But Matthijs understands why it is difficult to change this image of meat substitutes. There are many bad and unhealthy substitutes being produced! In addition, supermarkets often choose cheap over quality, and cheap usually means not very tasty (more on that later). According to Matthijs, supermarkets could take more of a leading role in this regard. They largely determine what the population eats. If they put bad products on the shelves, that is what people will buy, but not what they will buy again. This hinders the growth of meat alternatives. But it can be done differently! Matthijs and the rest of the Product Development team at Jan Zandbergen Group have repeatedly proven this with their work for PLNT, the brand of 100% plant-based meat and fish substitutes. How do they tackle the health dilemma? What are they doing concretely to create truly healthy meat substitutes?
Meat successors vs. meat substitutes
Matthijs: “Through innovation, we have a chance to replace meat, and therefore a chance to do it better. That’s exactly what we’re doing with PLNT, which is why we prefer to call PLNT’s products successors rather than substitutes.” Although it’s not always visible on supermarket shelves, it is possible to offer a real alternative to meat (within a realistic framework). “This goes beyond just putting a lot of protein in a product and calling it plant-based. A trend doesn’t determine whether something is good for us and most of the trends are temporary anyway. As far as the health & sustainability of fish and meat successors are concerned, we are currently focusing mainly on digestibility, using the right fats and most importantly: a lot of fibers,” says Matthijs.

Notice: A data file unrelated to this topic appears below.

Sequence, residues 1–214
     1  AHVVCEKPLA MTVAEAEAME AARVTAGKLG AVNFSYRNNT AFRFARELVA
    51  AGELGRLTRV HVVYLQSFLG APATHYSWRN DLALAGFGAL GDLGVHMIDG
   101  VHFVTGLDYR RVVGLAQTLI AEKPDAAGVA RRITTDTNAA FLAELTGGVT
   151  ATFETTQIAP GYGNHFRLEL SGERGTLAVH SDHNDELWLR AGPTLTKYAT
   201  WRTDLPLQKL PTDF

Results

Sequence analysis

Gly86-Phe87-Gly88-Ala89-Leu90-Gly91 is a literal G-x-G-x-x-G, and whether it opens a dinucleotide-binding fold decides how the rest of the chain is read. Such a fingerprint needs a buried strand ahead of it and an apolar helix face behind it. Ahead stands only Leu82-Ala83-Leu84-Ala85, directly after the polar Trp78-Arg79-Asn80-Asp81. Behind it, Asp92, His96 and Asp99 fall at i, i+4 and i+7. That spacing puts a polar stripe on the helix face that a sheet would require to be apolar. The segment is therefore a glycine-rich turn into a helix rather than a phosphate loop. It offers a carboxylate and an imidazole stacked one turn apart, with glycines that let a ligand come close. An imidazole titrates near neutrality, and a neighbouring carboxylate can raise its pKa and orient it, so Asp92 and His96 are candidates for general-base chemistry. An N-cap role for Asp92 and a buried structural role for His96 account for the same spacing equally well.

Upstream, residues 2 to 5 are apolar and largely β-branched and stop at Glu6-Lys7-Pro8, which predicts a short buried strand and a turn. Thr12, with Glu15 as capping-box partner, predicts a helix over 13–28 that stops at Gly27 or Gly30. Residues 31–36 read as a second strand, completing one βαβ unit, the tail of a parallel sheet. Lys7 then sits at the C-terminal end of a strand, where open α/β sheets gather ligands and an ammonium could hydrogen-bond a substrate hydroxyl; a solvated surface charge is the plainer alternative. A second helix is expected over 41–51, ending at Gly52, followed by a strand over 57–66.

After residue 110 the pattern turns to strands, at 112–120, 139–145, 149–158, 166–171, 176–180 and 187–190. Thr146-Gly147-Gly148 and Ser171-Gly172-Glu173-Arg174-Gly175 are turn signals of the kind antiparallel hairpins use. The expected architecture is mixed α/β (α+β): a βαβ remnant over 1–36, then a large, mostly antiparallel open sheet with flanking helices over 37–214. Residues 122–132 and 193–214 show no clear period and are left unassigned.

Plant-based proteins generally have a lower digestible than animal proteins. This means that of the 15 grams of protein per 100 grams a product contains according to the packaging, your body can only digest 60%, resulting in a deficiency in amino acids. The quality of a protein is scored using the Digestible Indispensable Amino Acid Score (DIAAS). The closer this score is to 1, the better the digestibility of the protein. Matthijs: “We tackle the poorer digestibility of plant-based proteins by combining different sources. For example, our strips contain four different protein sources: soy, pea, potato, and wheat, which results in an excellent digestion.”
At Jan Zandbergen Group, not only the proteins are carefully balanced to optimize their bioavailability. They also use as many unsaturated fats as possible instead of saturated fats, and add extra soluble fibers to help the body break down the product. In addition, Omega 6, which is associated with higher inflammatory activity and is found in many plant-based products, is replaced by Omega 3 and Omega 9 for a better balance. Since plant-based iron is generally more difficult to absorb than animal-based iron, the dosage is carefully managed so that the body can absorb it well.